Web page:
Inspiration

To put it simply, the R.A.N.G.E (Riot Associated Nerf Gun Experience) came from a desire from our team to find a new way to play Valorant, one of our favorite video gaming experiences of the past year. So we decided what better way to enhance that experience than to truly put ourselves in the game and better see what our character sees with the help of VR while holding a physical blaster (Nerf for obvious reasons, emblazoned with our favorite horse, of course!). It also works with any other game or even any computer program that uses a cursor since it's essentially an accelerometer based mouse with easily programmable inputs.

What it does

The R.A.N.G.E (Riot Associated Nerf Gun Experience) is a combination of three things:

-A modded Nerf blaster that we gutted to stuff an Arduino Pro Micro, a pair of accelerometers, and a whole bunch of buttons inside to handle cursor movement and abilities

-A Dance Dance Revolution style board that has buttons under wooden plates to handle directional movements running off of another Arduino Pro Micro

-An Oculus Quest using VR Virtual Desktop to run Valorant (this is of course optional, but it really enhances the experience)

How we built it

Our Arduinos run the show and serve two distinct purposes:

-The one inside the Nerf blaster reads data from two MPU 6050 accelerometers, on measuring vertical acceleration (measured in g-force) and the other measuring yaw (movement along a horizontal axis). It then process the data generated every clock cycle and converts them into simulated mouse movements relative to the cursor's current location. They also listen for input for various buttons mounted on the blaster (trigger, aim down sights, character abilities, reload, and weapon swapping, etc.). Since the yaw measure is very finicky, we also use the button directly below the trigger to allow for any horizontal cursor movement to be stopped, which allows the user to re-center the gun easily (you'll see this in the video when Derreck is frantically swiping the gun back to the middle every few seconds - it's to reset his cursor to the middle of the screen.

-The Arduino on the footpad listens to input from 6 buttons (4 directions, jump, crouch) and simulates key presses to allow you to move around the map with the pedals.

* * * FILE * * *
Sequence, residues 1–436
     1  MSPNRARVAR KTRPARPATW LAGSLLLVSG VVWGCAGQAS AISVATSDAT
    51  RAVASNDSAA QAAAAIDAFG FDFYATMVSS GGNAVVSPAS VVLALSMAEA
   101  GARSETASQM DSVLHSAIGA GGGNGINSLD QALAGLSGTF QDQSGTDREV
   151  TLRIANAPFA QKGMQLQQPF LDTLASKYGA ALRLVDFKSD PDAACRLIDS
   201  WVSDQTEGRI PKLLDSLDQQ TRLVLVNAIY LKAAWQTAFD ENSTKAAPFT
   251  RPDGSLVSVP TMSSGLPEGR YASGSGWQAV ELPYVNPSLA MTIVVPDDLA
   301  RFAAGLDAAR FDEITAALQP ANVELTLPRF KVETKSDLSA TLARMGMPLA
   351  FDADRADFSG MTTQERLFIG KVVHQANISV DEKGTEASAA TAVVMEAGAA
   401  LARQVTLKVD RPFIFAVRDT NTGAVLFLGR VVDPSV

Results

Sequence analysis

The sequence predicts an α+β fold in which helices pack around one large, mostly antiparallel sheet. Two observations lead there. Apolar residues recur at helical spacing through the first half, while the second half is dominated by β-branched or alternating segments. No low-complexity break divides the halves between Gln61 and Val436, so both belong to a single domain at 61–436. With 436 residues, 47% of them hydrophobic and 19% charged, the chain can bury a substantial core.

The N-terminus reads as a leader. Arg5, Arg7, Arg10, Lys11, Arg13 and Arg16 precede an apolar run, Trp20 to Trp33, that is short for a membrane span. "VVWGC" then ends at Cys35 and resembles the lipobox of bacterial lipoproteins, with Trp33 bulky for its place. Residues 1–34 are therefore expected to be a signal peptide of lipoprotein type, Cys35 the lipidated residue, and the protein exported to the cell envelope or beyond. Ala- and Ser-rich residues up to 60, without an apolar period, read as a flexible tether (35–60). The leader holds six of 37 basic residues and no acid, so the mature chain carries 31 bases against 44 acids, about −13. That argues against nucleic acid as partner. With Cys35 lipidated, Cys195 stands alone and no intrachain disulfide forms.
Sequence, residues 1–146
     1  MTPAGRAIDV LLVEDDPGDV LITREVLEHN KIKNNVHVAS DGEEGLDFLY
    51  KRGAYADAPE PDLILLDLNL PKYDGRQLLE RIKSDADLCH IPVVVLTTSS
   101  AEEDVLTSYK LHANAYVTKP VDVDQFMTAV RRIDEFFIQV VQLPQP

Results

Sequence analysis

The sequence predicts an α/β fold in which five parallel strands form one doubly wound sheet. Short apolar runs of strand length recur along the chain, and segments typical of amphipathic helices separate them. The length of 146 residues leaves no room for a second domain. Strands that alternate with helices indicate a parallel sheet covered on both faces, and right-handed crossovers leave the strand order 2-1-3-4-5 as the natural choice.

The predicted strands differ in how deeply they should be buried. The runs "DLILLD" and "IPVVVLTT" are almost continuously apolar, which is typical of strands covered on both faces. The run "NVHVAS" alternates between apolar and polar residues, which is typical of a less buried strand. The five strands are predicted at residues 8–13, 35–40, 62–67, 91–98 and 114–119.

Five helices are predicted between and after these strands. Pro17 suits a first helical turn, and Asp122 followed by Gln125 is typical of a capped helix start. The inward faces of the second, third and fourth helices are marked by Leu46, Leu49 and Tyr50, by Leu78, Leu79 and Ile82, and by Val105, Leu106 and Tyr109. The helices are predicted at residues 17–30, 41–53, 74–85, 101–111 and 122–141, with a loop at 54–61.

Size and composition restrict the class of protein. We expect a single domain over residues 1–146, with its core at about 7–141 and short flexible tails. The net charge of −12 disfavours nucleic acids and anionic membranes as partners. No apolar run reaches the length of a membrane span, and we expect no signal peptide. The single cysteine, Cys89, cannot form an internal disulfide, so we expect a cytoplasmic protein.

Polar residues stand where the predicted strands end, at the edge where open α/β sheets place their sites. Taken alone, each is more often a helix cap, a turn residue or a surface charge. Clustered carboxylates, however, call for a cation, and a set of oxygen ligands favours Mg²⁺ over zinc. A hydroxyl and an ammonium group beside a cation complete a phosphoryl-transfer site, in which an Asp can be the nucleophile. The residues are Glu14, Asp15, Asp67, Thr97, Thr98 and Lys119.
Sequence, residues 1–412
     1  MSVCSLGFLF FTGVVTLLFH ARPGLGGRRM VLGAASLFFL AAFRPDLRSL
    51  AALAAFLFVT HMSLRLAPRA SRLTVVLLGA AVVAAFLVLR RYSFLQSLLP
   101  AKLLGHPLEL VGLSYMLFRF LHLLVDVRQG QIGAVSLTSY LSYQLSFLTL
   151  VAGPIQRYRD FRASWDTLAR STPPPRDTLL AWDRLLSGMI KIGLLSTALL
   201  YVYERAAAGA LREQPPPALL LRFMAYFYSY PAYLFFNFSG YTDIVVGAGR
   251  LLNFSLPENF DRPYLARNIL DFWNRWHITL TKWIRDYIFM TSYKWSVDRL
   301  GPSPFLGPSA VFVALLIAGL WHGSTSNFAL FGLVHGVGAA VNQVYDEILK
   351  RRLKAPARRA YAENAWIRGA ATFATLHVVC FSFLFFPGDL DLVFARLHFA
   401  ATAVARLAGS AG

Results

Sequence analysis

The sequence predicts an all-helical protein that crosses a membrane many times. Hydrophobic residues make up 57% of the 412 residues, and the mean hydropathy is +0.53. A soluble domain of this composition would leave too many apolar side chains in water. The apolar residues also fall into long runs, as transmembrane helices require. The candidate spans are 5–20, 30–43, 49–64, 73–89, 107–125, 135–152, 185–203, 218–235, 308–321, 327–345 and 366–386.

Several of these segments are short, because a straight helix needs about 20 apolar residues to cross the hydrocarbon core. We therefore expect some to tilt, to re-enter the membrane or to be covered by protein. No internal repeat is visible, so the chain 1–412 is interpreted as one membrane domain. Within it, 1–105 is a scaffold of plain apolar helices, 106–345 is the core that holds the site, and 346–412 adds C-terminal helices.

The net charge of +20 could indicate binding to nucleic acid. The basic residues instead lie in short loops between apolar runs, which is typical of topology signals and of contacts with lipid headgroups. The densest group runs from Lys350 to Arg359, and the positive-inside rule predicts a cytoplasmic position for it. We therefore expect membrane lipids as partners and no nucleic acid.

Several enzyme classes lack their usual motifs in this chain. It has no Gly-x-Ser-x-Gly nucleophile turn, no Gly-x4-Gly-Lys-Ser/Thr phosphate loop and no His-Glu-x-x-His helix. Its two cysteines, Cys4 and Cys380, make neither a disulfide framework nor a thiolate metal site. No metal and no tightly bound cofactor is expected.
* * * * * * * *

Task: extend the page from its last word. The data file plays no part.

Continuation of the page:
Challenges we ran into

-We had to constantly recalibrate the sensitivity and thresholds for movement our code had for the accelerometers, it took us until 8pm on Saturday to finally solve it by tracking an average of the past 3 yaw measurements and multiplying that result by +/-30 to figure out how far to move the cursor horizontally.

-The hardware decided to stop working as expected sometimes (i.e. buttons acting pressed constantly which filled our IDE with lines of 'ddddddddddddddddddddddddddddddddddddddddddddddddddddddddd'

-We had to remove a slice of the blaster for the breadboard we soldered onto to actually fit.

-Getting two Arduinos two work at the same time was harder than it should have been.

Accomplishments that we're proud of

-Making the cursor movement as smooth as we got it to be - genuinely surprised it worked as well as it did.

-Derreck being REALLY good at working the blaster

-Getting all the blaster buttons to fit on one Arduino in the gun - I was expecting to need a separate one just for accelerometers due to processing power overloading and misunderstanding how event based programming in Arduino language works.

What we learned

-How to be more comfortable with the Arduino IDE (and its shortcuts)

-The true meaning of 'yaw'

-A much stronger knowledge of the MPU 6050 accelerometer and how to control it and understand its outputs

What's next for R.A.N.G.E.

-Implementing a smoother method for horizontal cursor movement based off more complex math -Adding more buttons to the blaster for more features

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